Thursday, July 10, 2008
This is a really neat photoset that, I think, would be useful in spurring classroom discussion on what it means to look unhealthy. I honestly had no idea what the different BMI categories looked like in "real life" and see the wide range of body types considered overweight/obese/morbidly obese really startled me.
After September 11, the notion of the “hero” began to rear its head in the public consciousness more and more frequently. The notion served a necessity in a time of national and global crisis to acknowledge those who showed extraordinary courage or determination in the face of danger, sometimes even sacrificing their lives in an attempt to save others. However, in the whirlwind of journalism surrounding these deservedly front-page disasters and emergencies, it is easy to take for granted the heroes who sacrifice immeasurable life and labor in their day to day lives for the good of others, but do so in a somewhat less spectacular setting.
This might be a good way to use popular culture to initiate a discussion of what it means to be a hero, and how immigrants are imagined in popular culture.
Tuesday, July 1, 2008
One of the great errors of an elite education, then, is that it teaches you to think that measures of intelligence and academic achievement are measures of value in some moral or metaphysical sense. But they’re not. Graduates of elite schools are not more valuable than stupid people, or talentless people, or even lazy people. Their pain does not hurt more. Their souls do not weigh more. If I were religious, I would say, God does not love them more. The political implications should be clear. As John Ruskin told an older elite, grabbing what you can get isn’t any less wicked when you grab it with the power of your brains than with the power of your fists. “Work must always be,” Ruskin says, “and captains of work must always be....[But] there is a wide difference between being captains...of work, and taking the profits of it.”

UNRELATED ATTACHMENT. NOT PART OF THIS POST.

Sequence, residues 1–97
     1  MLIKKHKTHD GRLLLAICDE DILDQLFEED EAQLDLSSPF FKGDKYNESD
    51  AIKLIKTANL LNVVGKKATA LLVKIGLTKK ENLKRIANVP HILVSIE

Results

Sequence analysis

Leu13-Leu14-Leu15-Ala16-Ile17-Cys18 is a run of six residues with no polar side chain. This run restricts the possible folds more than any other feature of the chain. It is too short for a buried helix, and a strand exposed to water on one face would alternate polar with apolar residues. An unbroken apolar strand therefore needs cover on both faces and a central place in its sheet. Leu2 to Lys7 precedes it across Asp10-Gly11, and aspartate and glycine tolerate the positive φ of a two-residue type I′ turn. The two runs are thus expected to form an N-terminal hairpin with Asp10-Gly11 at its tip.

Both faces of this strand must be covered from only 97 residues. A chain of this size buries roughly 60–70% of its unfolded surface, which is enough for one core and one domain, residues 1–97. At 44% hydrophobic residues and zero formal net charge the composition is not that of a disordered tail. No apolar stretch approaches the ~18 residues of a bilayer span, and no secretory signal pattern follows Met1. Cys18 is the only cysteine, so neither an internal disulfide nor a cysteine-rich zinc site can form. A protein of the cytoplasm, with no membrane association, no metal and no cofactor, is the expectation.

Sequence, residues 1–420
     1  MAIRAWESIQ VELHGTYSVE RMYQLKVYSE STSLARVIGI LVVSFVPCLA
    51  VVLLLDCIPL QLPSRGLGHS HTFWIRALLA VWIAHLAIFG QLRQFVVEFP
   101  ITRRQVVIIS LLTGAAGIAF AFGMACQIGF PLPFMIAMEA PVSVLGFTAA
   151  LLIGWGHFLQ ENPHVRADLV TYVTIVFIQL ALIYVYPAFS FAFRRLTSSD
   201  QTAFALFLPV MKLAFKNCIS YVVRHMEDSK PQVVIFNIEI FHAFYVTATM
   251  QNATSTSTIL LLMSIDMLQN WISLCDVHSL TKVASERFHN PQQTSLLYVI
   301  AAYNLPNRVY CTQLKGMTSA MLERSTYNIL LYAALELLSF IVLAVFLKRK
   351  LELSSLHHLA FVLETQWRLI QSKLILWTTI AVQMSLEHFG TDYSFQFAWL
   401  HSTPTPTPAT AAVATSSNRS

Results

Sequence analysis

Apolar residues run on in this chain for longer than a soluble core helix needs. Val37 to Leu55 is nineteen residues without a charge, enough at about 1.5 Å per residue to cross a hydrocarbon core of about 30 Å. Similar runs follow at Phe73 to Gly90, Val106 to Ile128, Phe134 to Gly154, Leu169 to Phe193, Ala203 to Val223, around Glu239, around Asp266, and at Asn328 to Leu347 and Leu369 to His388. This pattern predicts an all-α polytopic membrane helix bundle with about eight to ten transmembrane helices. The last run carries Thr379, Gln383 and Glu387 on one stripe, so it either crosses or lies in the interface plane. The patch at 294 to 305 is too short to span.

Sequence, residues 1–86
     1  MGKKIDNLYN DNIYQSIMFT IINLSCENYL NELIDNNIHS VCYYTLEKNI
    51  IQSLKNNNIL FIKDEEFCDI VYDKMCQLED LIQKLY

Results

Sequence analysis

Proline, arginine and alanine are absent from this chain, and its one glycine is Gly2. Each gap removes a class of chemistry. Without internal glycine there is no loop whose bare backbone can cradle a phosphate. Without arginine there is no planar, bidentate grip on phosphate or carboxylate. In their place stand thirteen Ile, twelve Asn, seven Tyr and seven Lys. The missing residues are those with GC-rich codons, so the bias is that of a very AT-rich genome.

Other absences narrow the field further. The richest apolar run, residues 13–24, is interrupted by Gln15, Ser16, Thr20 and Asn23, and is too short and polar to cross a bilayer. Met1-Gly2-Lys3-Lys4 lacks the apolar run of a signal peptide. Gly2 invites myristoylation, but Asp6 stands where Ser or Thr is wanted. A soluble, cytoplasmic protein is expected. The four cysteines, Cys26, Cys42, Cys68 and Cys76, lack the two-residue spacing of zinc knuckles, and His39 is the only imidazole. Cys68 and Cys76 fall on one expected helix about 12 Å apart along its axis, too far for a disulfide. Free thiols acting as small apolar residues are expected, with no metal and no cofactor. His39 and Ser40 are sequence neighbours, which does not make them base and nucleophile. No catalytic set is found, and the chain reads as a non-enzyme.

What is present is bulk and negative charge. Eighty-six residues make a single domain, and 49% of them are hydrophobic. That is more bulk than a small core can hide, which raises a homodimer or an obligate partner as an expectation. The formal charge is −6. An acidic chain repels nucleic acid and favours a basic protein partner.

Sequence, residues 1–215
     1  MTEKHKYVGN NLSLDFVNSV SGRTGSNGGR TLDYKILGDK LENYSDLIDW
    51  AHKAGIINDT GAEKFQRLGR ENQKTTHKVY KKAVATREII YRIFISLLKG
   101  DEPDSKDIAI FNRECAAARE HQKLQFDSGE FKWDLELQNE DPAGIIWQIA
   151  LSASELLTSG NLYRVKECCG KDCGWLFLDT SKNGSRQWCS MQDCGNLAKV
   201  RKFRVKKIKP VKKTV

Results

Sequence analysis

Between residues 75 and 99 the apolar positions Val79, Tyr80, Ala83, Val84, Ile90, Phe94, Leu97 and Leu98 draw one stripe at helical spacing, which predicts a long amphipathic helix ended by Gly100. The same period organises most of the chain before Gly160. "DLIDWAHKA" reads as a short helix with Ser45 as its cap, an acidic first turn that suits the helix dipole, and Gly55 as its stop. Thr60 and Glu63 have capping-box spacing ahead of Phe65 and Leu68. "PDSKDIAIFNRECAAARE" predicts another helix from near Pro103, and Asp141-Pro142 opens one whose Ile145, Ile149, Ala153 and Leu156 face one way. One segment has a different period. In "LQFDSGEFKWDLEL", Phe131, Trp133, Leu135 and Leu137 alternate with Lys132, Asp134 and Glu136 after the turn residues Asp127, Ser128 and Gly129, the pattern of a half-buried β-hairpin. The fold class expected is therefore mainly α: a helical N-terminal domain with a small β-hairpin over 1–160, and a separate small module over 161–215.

When elite universities boast that they teach their students how to think, they mean that they teach them the analytic and rhetorical skills necessary for success in law or medicine or science or business. But a humanistic education is supposed to mean something more than that, as universities still dimly feel. So when students get to college, they hear a couple of speeches telling them to ask the big questions, and when they graduate, they hear a couple more speeches telling them to ask the big questions. And in between, they spend four years taking courses that train them to ask the little questions—specialized courses, taught by specialized professors, aimed at specialized students. Although the notion of breadth is implicit in the very idea of a liberal arts education, the admissions process increasingly selects for kids who have already begun to think of themselves in specialized terms—the junior journalist, the budding astronomer, the language prodigy. We are slouching, even at elite schools, toward a glorified form of vocational training.